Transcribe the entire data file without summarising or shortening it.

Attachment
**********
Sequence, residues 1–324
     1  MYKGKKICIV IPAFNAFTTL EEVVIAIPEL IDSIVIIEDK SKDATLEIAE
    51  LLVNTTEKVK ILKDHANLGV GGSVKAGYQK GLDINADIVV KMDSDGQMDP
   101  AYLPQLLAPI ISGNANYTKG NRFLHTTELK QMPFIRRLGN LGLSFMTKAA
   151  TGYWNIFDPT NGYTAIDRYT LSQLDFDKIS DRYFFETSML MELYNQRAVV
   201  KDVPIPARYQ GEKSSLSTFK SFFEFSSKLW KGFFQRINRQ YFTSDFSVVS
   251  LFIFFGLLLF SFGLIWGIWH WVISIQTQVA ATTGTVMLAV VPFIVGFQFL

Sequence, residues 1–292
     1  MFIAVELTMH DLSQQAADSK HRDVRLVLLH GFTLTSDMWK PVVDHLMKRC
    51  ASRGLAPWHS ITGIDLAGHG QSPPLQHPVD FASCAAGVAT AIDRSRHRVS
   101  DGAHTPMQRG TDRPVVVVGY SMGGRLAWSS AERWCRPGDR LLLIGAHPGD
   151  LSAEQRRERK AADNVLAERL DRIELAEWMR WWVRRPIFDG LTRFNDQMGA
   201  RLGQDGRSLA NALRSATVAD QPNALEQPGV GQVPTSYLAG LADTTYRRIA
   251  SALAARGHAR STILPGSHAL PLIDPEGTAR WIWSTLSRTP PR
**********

Sequence, residues 1–324
     1  MYKGKKICIV IPAFNAFTTL EEVVIAIPEL IDSIVIIEDK SKDATLEIAE
    51  LLVNTTEKVK ILKDHANLGV GGSVKAGYQK GLDINADIVV KMDSDGQMDP
   101  AYLPQLLAPI ISGNANYTKG NRFLHTTELK QMPFIRRLGN LGLSFMTKAA
   151  TGYWNIFDPT NGYTAIDRYT LSQLDFDKIS DRYFFETSML MELYNQRAVV
   201  KDVPIPARYQ GEKSSLSTFK SFFEFSSKLW KGFFQRINRQ YFTSDFSVVS
   251  LFIFFGLLLF SFGLIWGIWH WVISIQTQVA ATTGTVMLAV VPFIVGFQFL

Sequence, residues 1–292
     1  MFIAVELTMH DLSQQAADSK HRDVRLVLLH GFTLTSDMWK PVVDHLMKRC
    51  ASRGLAPWHS ITGIDLAGHG QSPPLQHPVD FASCAAGVAT AIDRSRHRVS
   101  DGAHTPMQRG TDRPVVVVGY SMGGRLAWSS AERWCRPGDR LLLIGAHPGD
   151  LSAEQRRERK AADNVLAERL DRIELAEWMR WWVRRPIFDG LTRFNDQMGA
   201  RLGQDGRSLA NALRSATVAD QPNALEQPGV GQVPTSYLAG LADTTYRRIA
   251  SALAARGHAR STILPGSHAL PLIDPEGTAR WIWSTLSRTP PR